Wearable Tech from the Employee Point of View
Whether you are on an assembly line, repairing aircraft, or even sitting behind a desk, employees within every organization want to do their very best to provide for their families with as little impediment to their workday as possible. The introduction of wearable technology to the workplace is usually met with mixed opinions from employees and it is the role of the employer to help guide their workforce toward a positive understanding. Communication and transparency around the goals of wearable technology will ensure company-wide buy in, as well as consistent participation through deployment.
Advantages of Wearable Tech to the Employee
Companies that utilize wearable technology are investing in the health and long-term success of their workforce, despite the employee’s fear of job loss due to implementation. Data and insights from wearable tech are generally used to improve processes, reduce potential injury, and strengthen everyday efficiency. It is key that employers share their intentions for the data collected.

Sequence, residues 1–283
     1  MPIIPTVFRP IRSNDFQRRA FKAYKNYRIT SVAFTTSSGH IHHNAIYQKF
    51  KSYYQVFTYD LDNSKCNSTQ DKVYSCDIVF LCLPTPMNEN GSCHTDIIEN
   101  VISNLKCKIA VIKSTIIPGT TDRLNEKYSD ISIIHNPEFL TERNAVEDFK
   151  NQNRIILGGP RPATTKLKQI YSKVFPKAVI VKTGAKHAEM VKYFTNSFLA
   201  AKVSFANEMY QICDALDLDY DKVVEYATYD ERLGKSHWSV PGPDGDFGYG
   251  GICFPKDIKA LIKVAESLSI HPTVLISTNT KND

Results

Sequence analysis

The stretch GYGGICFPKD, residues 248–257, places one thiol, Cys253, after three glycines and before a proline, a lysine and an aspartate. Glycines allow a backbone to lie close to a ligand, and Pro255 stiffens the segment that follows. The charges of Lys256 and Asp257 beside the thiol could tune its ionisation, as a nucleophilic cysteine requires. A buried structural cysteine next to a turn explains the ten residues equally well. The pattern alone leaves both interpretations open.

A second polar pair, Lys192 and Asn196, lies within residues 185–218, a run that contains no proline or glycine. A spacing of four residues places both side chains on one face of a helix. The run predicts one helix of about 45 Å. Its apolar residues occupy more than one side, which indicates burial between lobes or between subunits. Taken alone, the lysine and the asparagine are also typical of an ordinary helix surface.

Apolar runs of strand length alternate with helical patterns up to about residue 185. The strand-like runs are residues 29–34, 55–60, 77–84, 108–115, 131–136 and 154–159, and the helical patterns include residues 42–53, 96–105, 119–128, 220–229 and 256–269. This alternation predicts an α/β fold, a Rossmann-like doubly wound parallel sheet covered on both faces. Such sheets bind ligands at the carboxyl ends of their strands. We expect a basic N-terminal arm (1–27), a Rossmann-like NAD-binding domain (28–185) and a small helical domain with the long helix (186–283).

Transparency of Work
Data from wearables provide a true picture into the day & life of each employee. Bias from supervisors or upper management is now removed from the equation when considering incentives, job rotation, and setting productivity standards.
Empowered Communication with Employer
Employees are able to use their data to set personal goals, benchmark success, and provide data driven feedback to their employer.
Considerations for Wearable Tech for the Employee
Employers need to consider how wearable tech is meant to be worn to achieve full functionality. Will the location of the device on the body or the size of the device hinder job responsibilities? Will it be comfortable to wear for any gender, height, or length of time? Employees want to know that they will not be asked to compromise their comfort.
Ease of Use
Wearable technology will need to be regularly charged and sometimes shared among multiple employees. Employees want to know that picking up their wearable tech is easy and won’t require an inconvenience to their day. For example, if an employee is asked to pick up their device in an area of the building they don’t often frequent, it will be difficult to build engagement in the use of the wearable.
Employees want to maintain a sense of autonomy in the workplace and wearable tech has a tendency to bring up “Big Brother” related fears. It is imperative that employers maintain complete transparency about any location functionality by communicating the data’s intended use and potential consequences for the employee.